Anybody who’s ever made art with a spray can knows: there’s spray paint and then there’s Montana. This stuff has amazing coverage and comes in the coolest colors on the planet. Your little bomber will thank you from the bottom of his criminal heart if some cans of this stuff end up under the tree, especially if you stick some fat caps in his stocking to go along with them.


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DeWalt 18V drill/driver ($279.00)

Now, into the shop! Certainly, the piece of equipment that gets the most use in the shop and at home is the cordless drill. I’ve owned a few cordless drills in my life, and for me, the DeWalt 18V drill/driver is the best out there. It’s easy to handle, it can bore and screw like there’s no tomorrow (stop laughing), and it has great battery life. I used to own a DeWalt hammer drill, but the imbalance was giving me wrist fatigue. The 18V driver/drill on the other hand is lightweight and perfectly balanced, making it perfect for hours of (ahem) effortless screwing.


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Miter saw ($399)

I hate to play favorites here, but the DeWalt DW716 Heavy Duty 12″ (305mm) Double-Bevel Compound Miter Saw is good enough to warrant a second entry from the company with the big, yellow tools. It’s accurate, ergonomic, and rugged. This is the saw I put in the high school I worked in, and if it can stand up to teenagers, it’s pretty much unbreakable. On the pricey side, but definitely worth the green.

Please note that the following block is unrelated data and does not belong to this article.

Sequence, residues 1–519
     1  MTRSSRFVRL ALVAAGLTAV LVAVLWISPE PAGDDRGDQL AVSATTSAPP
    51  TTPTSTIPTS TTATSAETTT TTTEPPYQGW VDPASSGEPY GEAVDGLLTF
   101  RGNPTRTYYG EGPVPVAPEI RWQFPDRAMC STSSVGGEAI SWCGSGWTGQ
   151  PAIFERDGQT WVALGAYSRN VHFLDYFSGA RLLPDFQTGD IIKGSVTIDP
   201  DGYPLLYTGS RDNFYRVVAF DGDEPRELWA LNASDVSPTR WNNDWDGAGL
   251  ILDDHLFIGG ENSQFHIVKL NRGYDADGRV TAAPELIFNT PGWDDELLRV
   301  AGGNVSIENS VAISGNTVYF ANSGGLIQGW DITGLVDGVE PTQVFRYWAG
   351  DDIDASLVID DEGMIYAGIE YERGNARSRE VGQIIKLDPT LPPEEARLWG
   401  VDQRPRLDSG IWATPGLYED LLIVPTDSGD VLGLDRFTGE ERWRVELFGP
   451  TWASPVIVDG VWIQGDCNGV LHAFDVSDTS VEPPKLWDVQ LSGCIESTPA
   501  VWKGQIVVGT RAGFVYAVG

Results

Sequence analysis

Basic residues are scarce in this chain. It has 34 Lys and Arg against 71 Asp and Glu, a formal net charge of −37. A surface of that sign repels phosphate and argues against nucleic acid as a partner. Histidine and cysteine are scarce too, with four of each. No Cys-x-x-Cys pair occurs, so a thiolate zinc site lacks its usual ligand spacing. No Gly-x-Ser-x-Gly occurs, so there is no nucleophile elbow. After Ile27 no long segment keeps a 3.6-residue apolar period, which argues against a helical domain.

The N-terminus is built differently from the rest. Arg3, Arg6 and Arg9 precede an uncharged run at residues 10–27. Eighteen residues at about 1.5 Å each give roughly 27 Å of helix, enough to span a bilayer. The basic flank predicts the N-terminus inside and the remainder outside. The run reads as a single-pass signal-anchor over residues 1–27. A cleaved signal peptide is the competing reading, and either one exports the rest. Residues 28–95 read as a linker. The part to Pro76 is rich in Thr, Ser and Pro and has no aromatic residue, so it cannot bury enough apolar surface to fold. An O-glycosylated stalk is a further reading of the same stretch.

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Craftsman 154 pc. Mechanics Tool Set (149.99)

Wrenches! I’d be lost without my Craftsman 154 pc. Mechanics Tool Set. It’s got everything. Sockets, nut drivers, hex keys, and box wrenches are all here, not to mention the lifetime warranty, which you will never need because these things are awesome! Sears offers both bigger and smaller kits than this, but the 154-piece is perfect for my needs.


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Dremel 4000 series ($ varies)

Is there anything you can’t do with a Dremel tool? Well, yes, but not much. We use ours for carving, sanding, drilling, buffing, and even filing down the dog’s nails. I prefer the corded variety, and for my money the Dremel 4000 series does everything I need it to. This model comes in a bunch of kits with varying accessories and at varying prices. Shop around.

This guide is, of course, just a jumping off point for the crafty dudes on your list. Something important I missed? Please speak up in the comments. Happy Holidays!


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Paul Overton runs DudeCraft, the crafting site geared towards guys.

 

In the Maker Shed:

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Want more? Stop by the Maker Shed. We’ve got all sorts of great holiday gift ideas, Arduino & Arduino accessories, electronic kits, science kits, smart stuff for kids, back issues of MAKE & CRAFT, box sets, books, robots, kits from Japan and more.